How frustrating when I’d find out the project wasn’t what someone needed, or the method used was flawed, or any of a zillion other reasons that I don’t get positive feedback. As a younger professional, I’ll admit I didn’t handle this type of rejection well.

Most of us go through a growing phase of learning how to deal with constructive criticism. As you mature, you learn to take in those minor blows to the ego and grow from them. Some who’ve been around long enough can take it one level above that—how to learn from criticism that isn’t constructive.

Let me share a life lesson with you, my precious reader. If you want to move in a positive direction in life, you need to learn how to deal with your mistakes positively. Not all people, even those who end up in authority, can provide feedback in a way that builds up instead of tearing down. Accept the concepts they are sharing and evaluate whether there is a basis for improvement. Use any nuggets you can find to improve your end product.

Never stop growing. As soon as you do, you’re dead in the water. And that isn’t where any of us want to be.

“Let us not become weary in doing good, for at the proper time we will reap a harvest if we do not give up.” Galatians 6:9 NIV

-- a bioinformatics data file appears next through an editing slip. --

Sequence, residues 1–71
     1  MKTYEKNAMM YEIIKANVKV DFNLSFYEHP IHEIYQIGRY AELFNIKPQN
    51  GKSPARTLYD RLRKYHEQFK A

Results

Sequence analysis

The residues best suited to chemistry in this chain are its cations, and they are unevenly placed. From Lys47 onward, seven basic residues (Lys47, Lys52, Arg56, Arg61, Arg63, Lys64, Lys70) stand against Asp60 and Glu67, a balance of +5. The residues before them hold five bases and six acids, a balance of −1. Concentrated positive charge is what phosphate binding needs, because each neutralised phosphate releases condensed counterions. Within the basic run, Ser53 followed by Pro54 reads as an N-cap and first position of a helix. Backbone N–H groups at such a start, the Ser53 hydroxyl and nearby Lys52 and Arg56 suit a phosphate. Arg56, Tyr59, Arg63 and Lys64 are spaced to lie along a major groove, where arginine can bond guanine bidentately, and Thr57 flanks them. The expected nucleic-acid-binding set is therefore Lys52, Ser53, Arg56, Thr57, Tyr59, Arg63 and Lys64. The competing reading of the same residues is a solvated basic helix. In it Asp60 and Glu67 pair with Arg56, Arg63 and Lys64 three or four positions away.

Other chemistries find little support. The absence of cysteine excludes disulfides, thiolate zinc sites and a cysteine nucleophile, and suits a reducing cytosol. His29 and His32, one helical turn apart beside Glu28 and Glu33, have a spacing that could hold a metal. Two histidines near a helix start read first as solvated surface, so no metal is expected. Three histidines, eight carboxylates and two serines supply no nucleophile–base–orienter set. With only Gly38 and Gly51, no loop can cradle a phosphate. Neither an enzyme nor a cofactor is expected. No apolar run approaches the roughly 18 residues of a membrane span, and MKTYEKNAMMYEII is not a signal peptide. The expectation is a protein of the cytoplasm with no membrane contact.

My upcoming novel, Collapse: The Death of Friendship is on presale with Amazon with a release date of March 25th. It’s the perfect gift for the young adult in your life. A brief synopsis:

On the verge of losing friendships forever, sixteen-year-old Jan Worthington decides never to trust people again. But when she rejects all strangers in a collapsing society, she must learn to be smart about outsiders before her family has to fight off the marauders headed their way.


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Collapse: The Death of Honor on Amazon Now

Friday, February 18, 2022

Sweet Memories, Funny and Sad

November 30, 1998: Sarah walked away from the table one morning, after hearing the cat meow. "I need to see if she's in trouble or just talking."


Sarah was talking about a story with a greedy pig in it. She said they made that pig wait to eat until the other pigs got “their fillings.”